Claire Nance

WASHINGTON – This week, U.S. Rep. Bruce Westerman (R-AR) and Rep. Susan Wild (D-PA) sent a letter to the Office of Management and Budget (OMB) along with 51 colleagues requesting a reversal of the proposed rule to reduce the population threshold for a Metropolitan Statistical Area (MSA).

“I am proud to come together with 51 of my colleagues to strongly oppose the proposed OMB rule change that would strip 144 communities in 45 states and Puerto Rico of their status as a Metropolitan Statistical Area,” said Rep. Westerman. “OMB provided no reasonable justification for changing 70 years of precedent in a manner that could detrimentally hinder the economic development of many communities across America. I am glad to work with my friends across the aisle to voice our opposition against this unacceptable rule change.”

“The classification of our smaller cities is hugely important in funding streams, especially as we look towards our recovery from the pandemic,” said Rep. Wild. “I urge Acting Director Fairweather to keep in mind the needs of our communities at this critical juncture and rethink any move to reclassify cities from around the country, including those in my district.”

Stakeholder Support:

“In economic development and site selection for job creating projects, the conversation begins with MSAs,” said Gary Troutman, CEO and President, Greater Hot Springs Chamber of Commerce. “If Hot Springs and Garland County were no longer an MSA, we would no longer even be considered for the many economic development projects that originate in this way. That would be devastating for our community. For the state of Arkansas to lose four of its seven MSAs would greatly reduce the state’s ability to attract economic development projects.”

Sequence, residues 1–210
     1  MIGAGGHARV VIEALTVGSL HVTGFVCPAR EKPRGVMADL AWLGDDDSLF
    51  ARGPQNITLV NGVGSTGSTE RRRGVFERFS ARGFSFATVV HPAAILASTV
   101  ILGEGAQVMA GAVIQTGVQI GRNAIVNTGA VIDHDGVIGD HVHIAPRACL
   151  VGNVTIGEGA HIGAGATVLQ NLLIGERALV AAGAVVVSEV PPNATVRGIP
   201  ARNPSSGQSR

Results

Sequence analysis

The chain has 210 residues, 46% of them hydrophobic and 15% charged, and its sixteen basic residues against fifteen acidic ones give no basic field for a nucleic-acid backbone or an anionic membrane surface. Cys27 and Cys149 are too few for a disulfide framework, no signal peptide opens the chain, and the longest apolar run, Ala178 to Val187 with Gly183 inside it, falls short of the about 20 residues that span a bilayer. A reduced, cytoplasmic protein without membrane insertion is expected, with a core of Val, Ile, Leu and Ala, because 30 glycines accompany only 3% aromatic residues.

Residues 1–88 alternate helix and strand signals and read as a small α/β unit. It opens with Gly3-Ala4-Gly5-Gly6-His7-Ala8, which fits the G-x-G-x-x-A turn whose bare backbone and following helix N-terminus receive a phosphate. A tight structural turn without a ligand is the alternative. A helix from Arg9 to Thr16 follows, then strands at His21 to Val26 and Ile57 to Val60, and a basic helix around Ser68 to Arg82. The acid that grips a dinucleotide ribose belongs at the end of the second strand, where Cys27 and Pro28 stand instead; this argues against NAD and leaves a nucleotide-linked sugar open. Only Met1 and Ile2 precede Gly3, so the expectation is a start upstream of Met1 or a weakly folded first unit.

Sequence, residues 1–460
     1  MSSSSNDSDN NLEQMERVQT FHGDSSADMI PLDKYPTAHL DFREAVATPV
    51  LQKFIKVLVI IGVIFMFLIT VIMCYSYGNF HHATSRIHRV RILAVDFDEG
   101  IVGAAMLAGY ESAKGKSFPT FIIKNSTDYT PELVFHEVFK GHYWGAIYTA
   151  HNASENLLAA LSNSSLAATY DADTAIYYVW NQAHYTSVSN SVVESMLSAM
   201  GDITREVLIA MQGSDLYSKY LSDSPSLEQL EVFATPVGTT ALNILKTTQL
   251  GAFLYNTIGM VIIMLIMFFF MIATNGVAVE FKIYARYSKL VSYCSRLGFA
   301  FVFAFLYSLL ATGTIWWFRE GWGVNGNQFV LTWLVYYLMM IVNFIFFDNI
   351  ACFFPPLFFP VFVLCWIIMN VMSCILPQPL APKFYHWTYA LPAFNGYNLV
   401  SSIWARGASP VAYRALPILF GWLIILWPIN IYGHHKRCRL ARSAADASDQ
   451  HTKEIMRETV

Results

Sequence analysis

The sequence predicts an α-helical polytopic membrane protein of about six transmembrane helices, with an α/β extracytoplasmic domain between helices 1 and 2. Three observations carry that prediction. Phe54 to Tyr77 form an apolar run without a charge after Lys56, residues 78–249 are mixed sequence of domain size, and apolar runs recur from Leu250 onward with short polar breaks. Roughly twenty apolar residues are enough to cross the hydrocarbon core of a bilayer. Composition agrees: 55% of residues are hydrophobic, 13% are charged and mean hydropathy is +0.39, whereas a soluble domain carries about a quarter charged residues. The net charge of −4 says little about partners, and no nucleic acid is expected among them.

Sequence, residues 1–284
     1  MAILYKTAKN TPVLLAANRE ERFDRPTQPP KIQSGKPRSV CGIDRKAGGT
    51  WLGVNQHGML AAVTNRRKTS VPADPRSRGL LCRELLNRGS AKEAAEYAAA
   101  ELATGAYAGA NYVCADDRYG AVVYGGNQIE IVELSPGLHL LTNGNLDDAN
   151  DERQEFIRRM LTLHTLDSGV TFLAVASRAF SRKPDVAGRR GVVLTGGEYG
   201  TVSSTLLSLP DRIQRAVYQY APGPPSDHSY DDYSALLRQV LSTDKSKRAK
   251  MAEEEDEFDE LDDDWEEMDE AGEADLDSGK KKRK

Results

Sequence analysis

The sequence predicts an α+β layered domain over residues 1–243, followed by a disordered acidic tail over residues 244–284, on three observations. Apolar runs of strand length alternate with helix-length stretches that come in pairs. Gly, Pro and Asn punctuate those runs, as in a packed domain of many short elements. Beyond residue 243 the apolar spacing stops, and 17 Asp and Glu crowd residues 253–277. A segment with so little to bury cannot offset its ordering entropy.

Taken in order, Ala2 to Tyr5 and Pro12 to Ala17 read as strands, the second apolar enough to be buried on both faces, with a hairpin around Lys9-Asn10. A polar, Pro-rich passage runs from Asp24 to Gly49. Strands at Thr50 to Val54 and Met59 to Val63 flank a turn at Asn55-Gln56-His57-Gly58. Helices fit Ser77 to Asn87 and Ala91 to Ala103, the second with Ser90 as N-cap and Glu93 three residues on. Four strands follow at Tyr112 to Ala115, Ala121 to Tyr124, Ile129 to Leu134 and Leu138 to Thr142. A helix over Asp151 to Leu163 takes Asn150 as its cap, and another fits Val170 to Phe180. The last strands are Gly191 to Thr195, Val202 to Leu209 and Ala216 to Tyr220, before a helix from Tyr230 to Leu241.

On January 19, 2021, the Office of Management and Budget published a proposal in the Federal Register to change the population threshold for a Metropolitan Statistical Area (MSA). The current population threshold, which has been unchanged since 1950, is 50,000 or more persons. The proposed new threshold will be 100,000 or more persons. This change will cause 144 of the 392 MSAs to lose their designation.

Declassified cities will either lose access to some federal programs or see greatly diminished federal funding from those using the MSA designation as a qualifying factor. Some programs, like the Community Development Block Grant, Federal Transit Administration grants, and Medicare’s prospective payment system for acute care hospital inpatients could be inaccessible to these communities.

Find the full text of the letter here.

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